November 2010 Mentor of the Month Interview: Paula Santrach
  1. What is your job title and affiliation?
    I am a Consultant in the Divisions of Transfusion Medicine and Clinical Core Laboratory Services in the Department of Laboratory Medicine and Pathology at the Mayo Clinic in Rochester, Minnesota. I am also an Associate Professor of Laboratory Medicine and Pathology in the Mayo Clinic College of Medicine.
  2. Briefly tell us about your educational and career background.
    I attended Carleton College in Northfield, MN as an undergraduate majoring in Biology. Although pre-medicine was my intention, I went “underground” after realizing that half of my class wanted to be pre-med (who needs that much pressure). After college, I was a technician in the Allergic Diseases Research Laboratory at the Mayo Clinic where I worked on laboratory testing and desensitization protocols for patients with bee sting allergies and pollen allergies. This was a fantastic experience in 1) having a real job, 2) solidifying my interest in medicine, and 3) experiencing the academic side of medicine. When I left, I swore that I would never come back to Rochester – I wanted the city life! I subsequently attended medical school at the University of Minnesota in Minneapolis, MN. Although I originally wanted direct patient care, I fell in love with pathology (it’s the latent detective in me) and did my anatomic and clinical pathology residency at the University of North Carolina in Chapel Hill (nice warm climate as well as an excellent training program). Although I originally wanted to be a world famous surgical pathologist (who knew much about the clinical labs?), I got hooked by transfusion medicine, which is as close as you can get to patient care in pathology. I came back to Minnesota for a Transfusion Medicine fellowship at the Mayo Clinic thereby completing the full circle. I joined the staff at Mayo in 1990 and have held a multiplicity of positions within my department (including interim chair) and in the institution. My current roles are:
    • Medical Director, Autotransfusion Team
    • Co-Director, Point of Care Testing
    • Chair, Clinical Practice Quality Oversight Committee
    • Member, Rochester Clinical Practice Committee & Hospital Practice Committee
    • Member, Rochester Executive Operations Team
    • Vice Chair, Board of Directors, Mayo Clinic Medical Transportation
  3. What are your Board certifications?
    I am certified in Anatomic & Clinical Pathology as well as Blood Banking/Transfusion Medicine by the American Board of Pathology.
  4. With which professional societies/organizations (e.g. AACC) are you involved?
    I have been involved with AACC for the past 15 years in a variety of capacities, most recently as the Chair of the Program Coordinating Commission and an ex officio member of the Board of Directors. I have been an assessor for the Accreditation Program of the American Association of Blood Banks for 20 years and led the development of the accreditation standards for perioperative autologous transfusion activities. I have served on the Point of Care Testing Committee for the College of American Pathologists. I have also been a member of the Board of Directors of the Society for the Advancement of Blood Management. Currently, I serve as a member of the Clinical Laboratory Improvement Advisory Committee (CLIAC) with the Department of Health and Human Services.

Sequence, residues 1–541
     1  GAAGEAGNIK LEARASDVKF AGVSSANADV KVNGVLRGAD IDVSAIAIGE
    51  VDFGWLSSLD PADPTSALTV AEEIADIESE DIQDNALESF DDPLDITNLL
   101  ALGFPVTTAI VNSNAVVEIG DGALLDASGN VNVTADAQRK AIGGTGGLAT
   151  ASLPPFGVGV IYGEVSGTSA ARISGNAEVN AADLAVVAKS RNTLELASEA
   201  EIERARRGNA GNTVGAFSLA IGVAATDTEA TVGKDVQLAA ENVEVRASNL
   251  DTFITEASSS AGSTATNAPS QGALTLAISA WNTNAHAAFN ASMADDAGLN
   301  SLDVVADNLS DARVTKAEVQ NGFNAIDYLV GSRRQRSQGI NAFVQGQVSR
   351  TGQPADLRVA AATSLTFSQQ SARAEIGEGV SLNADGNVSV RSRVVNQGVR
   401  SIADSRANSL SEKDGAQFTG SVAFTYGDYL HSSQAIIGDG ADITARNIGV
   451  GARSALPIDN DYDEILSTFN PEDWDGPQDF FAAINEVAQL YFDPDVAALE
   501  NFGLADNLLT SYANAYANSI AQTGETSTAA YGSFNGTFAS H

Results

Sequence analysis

5. Just for fun, tell us a few interesting facts about yourself:
    • I am the proud and doting aunt of a nephew & 2 nieces – still trying to convince them that medicine is a good thing to go into.
    • I am a foodie and wish I could cook like a celebrity chef.
    • I collect Northwest Coast & Inuit art.  I dearly want to visit Alaska and the Arctic – don’t seem to have enough experience with frigid temperatures in Minnesota.
  1. What area(s) do you specialize in?
    My specialties are perioperative transfusion medicine, point of care testing particularly for hemostasis, and quality, both in laboratory medicine & patient care.
  2. What initiated your interest in this (these) area(s) and how did you eventually choose this (these) area(s) for your career?
    My interest in perioperative transfusion medicine developed during the first few years of my career. I was introduced to the Autotransfusion Team during my fellowship and then was assigned to assist the medical director with that group. I also found an early career cardiac anesthesiologist who was very interested in the effects of cardiopulmonary bypass on the coagulation system, ways to decrease the incidence of microvascular bleeding post bypass, and effective means of treatment. This early partnership was a tipping point for my career.
    At the same time, I had also become the director of the blood gas/stat laboratory which was the beginning of my practice in clinical chemistry. At that time, point of care testing was very new. One of my first projects was the introduction of the iSTAT into the medical helicopter. Shortly after, I began working on point of care INR testing as well as point of care testing to support transfusion in the operating room. So the direction of my career partly came from being in the right place at the right time when a new technology emerges. But it also came from making the most of the opportunity and developing expertise in a clinical area that needed it, bringing together rapid laboratory testing to improve transfusion practice and patient care. At one point, I could describe myself as a perioperative clinical pathologist – a very unique and needed role.
    My interest in quality began with being an assessor for blood bank accreditation with the AABB. Increased FDA enforcement in blood banking led to the introduction of quality systems and a focus on patient and transfusion safety. Over the years, I have expanded my expertise in quality into laboratory medicine and now into direct patient care. The key to my success was the strong relationships that I built with my clinical colleagues. I became the go to lab person for the operating room, the emergency department, and the intensive care units. This exposure gave me opportunities within my institution and in other disciplines.